Owen Deavers Fights on Ice


Rachel Singleton

Owen Deavers walks down the red carpet as he raises his stick in the air.

Rachel Singleton, Editor-in-Chief

The community knows him as “The Brain Tumor Trooper.” Honoring a year and a half fight against a Craniopharyngioma, Owen Deavers, son of chemistry teacher Robert Deavers, joined the Washington Capitals on the ice for the Capitals Fight Cancer Game at the Capital One Arena on November 23. The Make-A-Wish Mid-Atlantic provided the opportunity to be part of the starting line up for the game to Owen and five other Make-A-Wish kids.
Mr. Deavers said Owen was shocked when told he would get to meet the Capitals. Owen was excited, however, his main concern, in the beginning, was that he didn’t know how to skate. “That night, he was talking about it saying, ‘I don’t know how to skate, I’m going to fall, I’m going to look like a fool,” said Mr. Deavers. “And I was like, ‘Buddy, these are professional hockey players. They are not going to let you fall on national television because then they look bad.’”
While Owen was out on the ice, his family cheered him on from across the rink. “It was just fun to see his face. He was smiling and excited the whole time, and some waterworks started coming when he came out and was introduced,” said Deavers.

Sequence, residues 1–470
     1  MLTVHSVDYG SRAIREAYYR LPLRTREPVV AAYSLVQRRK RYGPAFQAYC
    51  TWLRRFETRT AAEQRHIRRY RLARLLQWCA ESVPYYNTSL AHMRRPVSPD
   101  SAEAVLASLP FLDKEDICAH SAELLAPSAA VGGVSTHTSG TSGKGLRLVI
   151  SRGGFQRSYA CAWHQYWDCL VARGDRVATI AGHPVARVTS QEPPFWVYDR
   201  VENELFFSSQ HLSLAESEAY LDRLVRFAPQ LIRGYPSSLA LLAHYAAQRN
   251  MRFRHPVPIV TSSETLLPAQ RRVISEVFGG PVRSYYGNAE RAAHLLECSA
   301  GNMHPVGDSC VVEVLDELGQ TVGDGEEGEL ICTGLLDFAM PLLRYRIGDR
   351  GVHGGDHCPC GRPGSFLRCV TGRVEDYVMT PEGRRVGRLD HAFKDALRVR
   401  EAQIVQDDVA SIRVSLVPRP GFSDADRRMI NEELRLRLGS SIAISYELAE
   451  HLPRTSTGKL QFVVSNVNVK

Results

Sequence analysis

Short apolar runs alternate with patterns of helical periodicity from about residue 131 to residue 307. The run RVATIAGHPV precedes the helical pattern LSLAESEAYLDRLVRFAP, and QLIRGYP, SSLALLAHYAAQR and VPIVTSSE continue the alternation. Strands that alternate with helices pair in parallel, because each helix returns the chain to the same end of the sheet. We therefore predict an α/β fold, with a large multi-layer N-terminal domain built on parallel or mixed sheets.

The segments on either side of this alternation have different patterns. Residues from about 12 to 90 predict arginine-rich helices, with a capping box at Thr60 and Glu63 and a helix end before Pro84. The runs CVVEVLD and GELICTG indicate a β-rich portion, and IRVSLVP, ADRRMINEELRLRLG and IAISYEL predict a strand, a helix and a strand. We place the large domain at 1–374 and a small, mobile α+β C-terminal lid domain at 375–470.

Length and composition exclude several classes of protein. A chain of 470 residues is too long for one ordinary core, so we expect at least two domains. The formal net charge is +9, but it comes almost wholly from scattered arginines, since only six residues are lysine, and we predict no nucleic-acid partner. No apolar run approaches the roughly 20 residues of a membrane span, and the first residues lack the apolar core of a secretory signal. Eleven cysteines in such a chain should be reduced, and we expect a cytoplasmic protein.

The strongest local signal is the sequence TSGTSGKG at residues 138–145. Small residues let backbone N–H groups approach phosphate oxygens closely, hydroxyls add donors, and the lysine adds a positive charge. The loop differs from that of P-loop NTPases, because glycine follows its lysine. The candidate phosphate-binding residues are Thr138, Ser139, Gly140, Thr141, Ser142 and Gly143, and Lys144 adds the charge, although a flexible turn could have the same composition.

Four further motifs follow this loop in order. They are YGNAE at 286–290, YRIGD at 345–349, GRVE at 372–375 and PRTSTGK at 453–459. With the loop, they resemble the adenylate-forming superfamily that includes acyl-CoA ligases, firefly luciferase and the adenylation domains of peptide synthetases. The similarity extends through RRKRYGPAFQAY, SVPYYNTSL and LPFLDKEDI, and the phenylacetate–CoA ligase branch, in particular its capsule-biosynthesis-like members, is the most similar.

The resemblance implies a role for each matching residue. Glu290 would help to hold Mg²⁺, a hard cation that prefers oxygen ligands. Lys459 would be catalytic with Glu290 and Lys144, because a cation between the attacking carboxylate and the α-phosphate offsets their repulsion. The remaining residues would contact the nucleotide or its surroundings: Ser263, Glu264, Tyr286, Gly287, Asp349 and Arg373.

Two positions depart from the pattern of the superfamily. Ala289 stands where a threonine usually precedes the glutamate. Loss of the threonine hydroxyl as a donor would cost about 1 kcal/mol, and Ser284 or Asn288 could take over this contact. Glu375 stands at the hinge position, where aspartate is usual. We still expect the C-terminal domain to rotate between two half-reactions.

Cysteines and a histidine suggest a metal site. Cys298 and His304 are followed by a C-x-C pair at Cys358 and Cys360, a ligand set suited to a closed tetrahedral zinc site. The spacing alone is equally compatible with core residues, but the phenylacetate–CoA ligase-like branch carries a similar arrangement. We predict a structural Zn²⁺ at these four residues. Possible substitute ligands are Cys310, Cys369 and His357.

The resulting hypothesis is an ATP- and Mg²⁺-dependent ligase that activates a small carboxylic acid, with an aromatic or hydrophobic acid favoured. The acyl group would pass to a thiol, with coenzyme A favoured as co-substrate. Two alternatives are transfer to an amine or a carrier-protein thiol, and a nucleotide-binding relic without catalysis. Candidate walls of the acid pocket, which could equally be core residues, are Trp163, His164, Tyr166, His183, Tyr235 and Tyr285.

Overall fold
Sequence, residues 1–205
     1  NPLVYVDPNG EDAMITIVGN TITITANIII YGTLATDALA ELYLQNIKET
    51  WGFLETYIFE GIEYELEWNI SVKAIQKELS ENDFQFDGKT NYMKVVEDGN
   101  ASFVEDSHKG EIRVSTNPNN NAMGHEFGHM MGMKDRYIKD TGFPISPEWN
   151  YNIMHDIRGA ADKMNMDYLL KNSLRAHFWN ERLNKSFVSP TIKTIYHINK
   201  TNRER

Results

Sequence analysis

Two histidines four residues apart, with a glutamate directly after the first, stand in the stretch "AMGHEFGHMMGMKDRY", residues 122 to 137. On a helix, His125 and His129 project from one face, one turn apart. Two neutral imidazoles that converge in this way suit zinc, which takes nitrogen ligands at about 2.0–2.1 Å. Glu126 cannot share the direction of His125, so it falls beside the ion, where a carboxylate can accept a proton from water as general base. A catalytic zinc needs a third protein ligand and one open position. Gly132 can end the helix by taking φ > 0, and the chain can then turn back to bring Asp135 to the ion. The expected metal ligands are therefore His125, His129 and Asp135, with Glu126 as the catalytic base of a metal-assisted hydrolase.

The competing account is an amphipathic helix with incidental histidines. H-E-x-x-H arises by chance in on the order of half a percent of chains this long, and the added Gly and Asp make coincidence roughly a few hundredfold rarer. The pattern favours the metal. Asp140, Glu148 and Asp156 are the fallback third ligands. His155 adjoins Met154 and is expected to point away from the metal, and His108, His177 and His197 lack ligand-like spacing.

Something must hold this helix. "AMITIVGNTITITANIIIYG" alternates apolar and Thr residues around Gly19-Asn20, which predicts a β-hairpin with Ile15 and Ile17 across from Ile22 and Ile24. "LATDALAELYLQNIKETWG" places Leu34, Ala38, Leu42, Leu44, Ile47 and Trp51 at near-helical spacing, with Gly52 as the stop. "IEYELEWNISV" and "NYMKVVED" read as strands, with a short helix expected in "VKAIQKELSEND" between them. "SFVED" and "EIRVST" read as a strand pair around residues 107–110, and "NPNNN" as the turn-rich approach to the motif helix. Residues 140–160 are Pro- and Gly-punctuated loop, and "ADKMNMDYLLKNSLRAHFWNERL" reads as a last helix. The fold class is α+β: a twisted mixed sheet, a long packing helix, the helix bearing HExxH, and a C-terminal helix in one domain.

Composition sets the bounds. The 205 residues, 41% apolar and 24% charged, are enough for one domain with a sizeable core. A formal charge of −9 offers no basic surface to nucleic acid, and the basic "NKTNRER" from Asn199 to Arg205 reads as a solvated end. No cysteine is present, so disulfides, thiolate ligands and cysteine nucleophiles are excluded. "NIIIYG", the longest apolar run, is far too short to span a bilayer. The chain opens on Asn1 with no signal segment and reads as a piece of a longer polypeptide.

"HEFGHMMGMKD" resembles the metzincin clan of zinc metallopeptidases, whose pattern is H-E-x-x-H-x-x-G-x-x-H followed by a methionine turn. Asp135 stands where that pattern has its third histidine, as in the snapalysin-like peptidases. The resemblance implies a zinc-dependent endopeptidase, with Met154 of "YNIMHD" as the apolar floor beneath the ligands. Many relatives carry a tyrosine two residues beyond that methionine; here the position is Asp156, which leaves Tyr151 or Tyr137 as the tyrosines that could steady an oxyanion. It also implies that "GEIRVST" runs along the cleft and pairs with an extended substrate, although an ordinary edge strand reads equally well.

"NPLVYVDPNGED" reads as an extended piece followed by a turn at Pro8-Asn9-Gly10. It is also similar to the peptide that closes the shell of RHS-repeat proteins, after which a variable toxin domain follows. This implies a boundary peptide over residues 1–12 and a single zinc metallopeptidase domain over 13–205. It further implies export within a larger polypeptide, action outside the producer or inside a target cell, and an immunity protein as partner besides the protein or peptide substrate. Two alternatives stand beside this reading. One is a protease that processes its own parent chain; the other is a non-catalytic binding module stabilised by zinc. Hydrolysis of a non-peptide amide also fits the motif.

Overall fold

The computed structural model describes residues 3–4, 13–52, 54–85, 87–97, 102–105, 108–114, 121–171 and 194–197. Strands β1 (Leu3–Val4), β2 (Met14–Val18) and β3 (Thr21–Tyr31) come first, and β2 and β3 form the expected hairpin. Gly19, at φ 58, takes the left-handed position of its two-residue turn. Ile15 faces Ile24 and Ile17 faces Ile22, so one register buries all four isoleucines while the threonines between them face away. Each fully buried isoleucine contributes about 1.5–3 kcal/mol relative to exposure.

The most touching part of the event for Mr. Deavers was the support. “During the second period is when they stopped during the T.V. timeouts, and everyone held up their signs saying, ‘I fight for…’” Mr. Deavers said that this moment during the game showed him that his family is not alone in this battle.
Although Owen loved the game, his original wish under the Make-A-Wish Foundation was to go to Disney World. “One of the big things with Owen is one of the side effects of the tumor is he can’t regulate his body temperature. So when we did the make a wish to go to Florida, we put out there that he can’t go during the summer,” said Mr. Deavers. Make-A-Wish was unable to pull the wish together by Christmas break. So, Owen will be getting his wish next year.
Currently, Owen’s condition is stable. His tumor has shrunk and is a bit smaller than a ping-pong ball. Owen goes back to St. Jude Children’s Research Hospital every six months for follow-ups and MRI scans. The family plans on going back this coming January.